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A Weekend to Pack

The evocative, human story of a family caught up in the Second World War in the Far East

The week beginning 1 July 1940 saw almost 3,500 British women and children evacuated from the British colony of Hong Kong, following threats of invasion from the Japanese.

One of the families separated was George Bearman’s, with his wife and two sons – Hilda, David and Edward – bound first for the Philippines, before sailing on to Australia.

Few in the colony believed the evacuation to be necessary, almost all that it would be short-lived. But these were uncertain times, and as they made their farewells on the dockside, families could not help but wonder where and when they would meet again.

Tension between Japan and Britain had been growing. Japan was at war with China, and Britain supporting the Chinese Nationalist Army. The months following what became known as the ‘Evacuation Crisis’ were set, too, against the wider background of the war with Germany, and the developing global situation.

The husbands left behind in Hong Kong formed a relatives’ committee, continually lobbying for the return of the evacuees – sent first to the Philippines, and then on to Australia – while hopes for their return rose and fell with the seesaw of tension in the Far East.

Postings away from Hong Kong led to some families reuniting during the 18 months as the colony lived in the surreal atmosphere of the ‘bachelors’ keeping the home fires burning. But most would have to wait, as the colony continued to slide towards war, and the ‘three years and eight months’ of Japanese occupation.

The letters of George Bearman, electrical engineer at the colony’s naval dockyard, create a poignant, human thread to the narrative of events shaping the story of Hong Kong during the Second World War.

Letters edited by writer and editor
Caroline Wigley

George’s letters establish a snapshot of life in 1940s Hong Kong – the colour and culture, with its mix of Chinese customs and British tradition – set against the curious backdrop of life returned to bachelorhood, and that of the wider background of Britain at war and the growing tension in the Far East.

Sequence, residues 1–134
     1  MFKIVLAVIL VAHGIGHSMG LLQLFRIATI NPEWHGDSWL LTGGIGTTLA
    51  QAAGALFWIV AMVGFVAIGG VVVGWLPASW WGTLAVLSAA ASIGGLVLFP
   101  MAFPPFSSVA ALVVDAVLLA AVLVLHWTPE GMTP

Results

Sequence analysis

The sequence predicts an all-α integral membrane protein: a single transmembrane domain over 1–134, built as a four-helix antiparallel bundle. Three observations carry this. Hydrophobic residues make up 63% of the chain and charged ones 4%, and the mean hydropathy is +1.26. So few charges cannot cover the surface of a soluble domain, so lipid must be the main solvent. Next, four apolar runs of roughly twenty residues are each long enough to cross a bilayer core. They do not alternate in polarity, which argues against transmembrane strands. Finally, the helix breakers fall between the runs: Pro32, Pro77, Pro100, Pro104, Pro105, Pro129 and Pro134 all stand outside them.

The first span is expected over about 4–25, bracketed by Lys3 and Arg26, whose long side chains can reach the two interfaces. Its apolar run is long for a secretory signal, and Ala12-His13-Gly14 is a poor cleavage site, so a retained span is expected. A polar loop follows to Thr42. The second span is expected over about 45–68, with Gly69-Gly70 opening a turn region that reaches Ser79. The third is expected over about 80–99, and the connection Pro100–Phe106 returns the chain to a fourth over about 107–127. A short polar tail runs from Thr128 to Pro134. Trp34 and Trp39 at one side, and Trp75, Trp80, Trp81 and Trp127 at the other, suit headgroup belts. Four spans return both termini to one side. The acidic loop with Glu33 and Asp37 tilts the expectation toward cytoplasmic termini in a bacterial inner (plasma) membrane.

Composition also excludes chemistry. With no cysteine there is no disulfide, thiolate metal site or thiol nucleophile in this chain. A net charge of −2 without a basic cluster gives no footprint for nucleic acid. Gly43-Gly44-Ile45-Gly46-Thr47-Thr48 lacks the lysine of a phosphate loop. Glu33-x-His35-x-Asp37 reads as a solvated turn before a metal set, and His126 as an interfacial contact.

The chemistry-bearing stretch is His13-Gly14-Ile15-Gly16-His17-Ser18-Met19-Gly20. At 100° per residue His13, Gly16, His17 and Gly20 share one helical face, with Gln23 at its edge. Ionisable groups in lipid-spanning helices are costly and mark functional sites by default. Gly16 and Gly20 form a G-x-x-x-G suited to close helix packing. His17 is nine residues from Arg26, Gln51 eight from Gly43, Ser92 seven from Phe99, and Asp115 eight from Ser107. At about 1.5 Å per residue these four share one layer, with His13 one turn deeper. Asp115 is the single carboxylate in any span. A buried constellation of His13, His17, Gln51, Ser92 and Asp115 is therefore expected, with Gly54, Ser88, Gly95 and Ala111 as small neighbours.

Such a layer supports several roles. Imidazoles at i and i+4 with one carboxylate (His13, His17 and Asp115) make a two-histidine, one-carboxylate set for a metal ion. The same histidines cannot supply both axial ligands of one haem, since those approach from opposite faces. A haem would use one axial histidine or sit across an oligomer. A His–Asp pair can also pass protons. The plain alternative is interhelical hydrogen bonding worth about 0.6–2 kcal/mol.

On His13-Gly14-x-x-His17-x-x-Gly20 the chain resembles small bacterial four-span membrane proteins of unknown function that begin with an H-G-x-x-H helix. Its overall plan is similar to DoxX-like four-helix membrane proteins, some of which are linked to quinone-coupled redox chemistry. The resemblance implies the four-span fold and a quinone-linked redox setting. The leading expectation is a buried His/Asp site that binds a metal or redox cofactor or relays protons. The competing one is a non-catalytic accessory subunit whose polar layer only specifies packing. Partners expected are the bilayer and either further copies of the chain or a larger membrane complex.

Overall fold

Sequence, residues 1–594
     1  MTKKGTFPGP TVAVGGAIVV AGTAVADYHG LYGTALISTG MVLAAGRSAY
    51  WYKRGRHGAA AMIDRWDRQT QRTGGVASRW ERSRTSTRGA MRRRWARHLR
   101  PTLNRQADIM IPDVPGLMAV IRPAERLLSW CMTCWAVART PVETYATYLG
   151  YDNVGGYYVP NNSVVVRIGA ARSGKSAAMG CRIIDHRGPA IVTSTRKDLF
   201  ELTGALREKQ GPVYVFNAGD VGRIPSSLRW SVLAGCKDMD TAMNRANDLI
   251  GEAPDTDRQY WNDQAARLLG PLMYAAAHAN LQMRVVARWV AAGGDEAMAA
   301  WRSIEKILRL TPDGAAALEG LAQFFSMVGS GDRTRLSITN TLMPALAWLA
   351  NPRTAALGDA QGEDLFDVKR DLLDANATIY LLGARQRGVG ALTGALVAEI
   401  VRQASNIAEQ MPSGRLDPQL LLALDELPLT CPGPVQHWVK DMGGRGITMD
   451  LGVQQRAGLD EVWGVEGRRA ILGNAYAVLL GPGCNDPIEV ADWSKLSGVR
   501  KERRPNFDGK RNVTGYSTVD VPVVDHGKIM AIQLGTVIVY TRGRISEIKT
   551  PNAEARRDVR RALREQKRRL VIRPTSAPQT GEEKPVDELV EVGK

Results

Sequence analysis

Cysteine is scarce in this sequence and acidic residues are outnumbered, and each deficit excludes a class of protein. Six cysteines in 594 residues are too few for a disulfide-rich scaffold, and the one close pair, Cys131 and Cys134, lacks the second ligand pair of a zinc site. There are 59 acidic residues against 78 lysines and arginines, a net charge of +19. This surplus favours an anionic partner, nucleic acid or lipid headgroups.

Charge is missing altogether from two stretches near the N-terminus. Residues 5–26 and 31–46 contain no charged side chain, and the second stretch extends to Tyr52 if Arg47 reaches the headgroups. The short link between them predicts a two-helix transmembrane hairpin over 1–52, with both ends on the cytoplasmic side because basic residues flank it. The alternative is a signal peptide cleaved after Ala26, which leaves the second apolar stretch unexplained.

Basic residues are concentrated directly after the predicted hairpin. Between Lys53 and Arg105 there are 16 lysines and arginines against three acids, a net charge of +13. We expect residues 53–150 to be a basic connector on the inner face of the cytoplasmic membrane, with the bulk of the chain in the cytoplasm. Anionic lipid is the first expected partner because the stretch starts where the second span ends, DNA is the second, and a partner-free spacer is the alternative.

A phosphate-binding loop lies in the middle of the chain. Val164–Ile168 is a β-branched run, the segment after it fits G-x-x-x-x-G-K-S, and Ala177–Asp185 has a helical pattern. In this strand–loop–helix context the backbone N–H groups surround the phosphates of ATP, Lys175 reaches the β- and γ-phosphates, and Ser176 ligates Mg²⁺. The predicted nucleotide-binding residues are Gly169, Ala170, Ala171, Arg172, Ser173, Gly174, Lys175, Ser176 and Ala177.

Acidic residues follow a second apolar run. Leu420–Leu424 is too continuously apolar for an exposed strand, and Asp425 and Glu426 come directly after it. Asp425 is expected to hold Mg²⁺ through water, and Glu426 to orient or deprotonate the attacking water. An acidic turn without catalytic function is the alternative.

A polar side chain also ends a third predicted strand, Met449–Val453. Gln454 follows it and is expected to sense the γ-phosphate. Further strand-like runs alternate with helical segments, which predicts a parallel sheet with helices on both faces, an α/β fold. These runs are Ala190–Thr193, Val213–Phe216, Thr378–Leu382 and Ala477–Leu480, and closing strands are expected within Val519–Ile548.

George weaves his family’s story in with those of
friends and colleagues, as he reports on events in
Hong Kong. Private, personal, and at times intimate,
George’s letters are interspersed with official
communications from the Admiralty, Red Cross,
Foreign and Colonial Office, and a reminder that
Britain was at war and life could change at any moment.


Foreword by
Admiral Sir George Zambellas GCB DSC DL 
First Sea Lord and Chief of Naval Staff 2013-2016

“The global nature of the conflict is demonstrated as George reads in Hong Kong of air raids on Portsmouth and hears of the Royal Navy sinking of the German battleship Bismarck, an important turning point in the crucial Battle of the Atlantic…

“But these are interwoven with the kind of everyday occurrences that any of us will recognise, whether arranging the movement of a piano or sorting out a tax return. We can also empathise with his painful separation from his family; those of us regularly separated by Service life will be among those able to appreciate it most keenly…

“Ultimately ‘A Weekend to Pack’ is an evocative human story of a family caught up in an almost unknown dimension of the Second World War.  I commend it to you.”

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Everybody safe so far, and No. “37” still going strong – George, January 1941

In 1939, prior to sailing with the boys to join George in Hong Kong, and who had begun his posting to the colony six months earlier, Hilda put their furniture into storage and arranged for their home – 37, Randolph Road, Portsmouth – to be rented. The family also left behind in Portsmouth friends, relatives,Continue reading “Everybody safe so far, and No. “37” still going strong – George, January 1941”

A Weekend to Pack The Fall of Hong Kong 1940-1945

A Weekend to Pack is published by Sabrestorm Publishing.

If you’d like more information about the book, do please link through to my interview on YouTube, A Weekend to Pack – The Fall of Hong Kong 1940-1945.

I will also be talking to various groups and organisations when the world returns to a little more normality – and if you’d like details about the programme please let me know.

In the meantime, I’d love to hear from you – so do please get in touch!

I’d love to hear from you!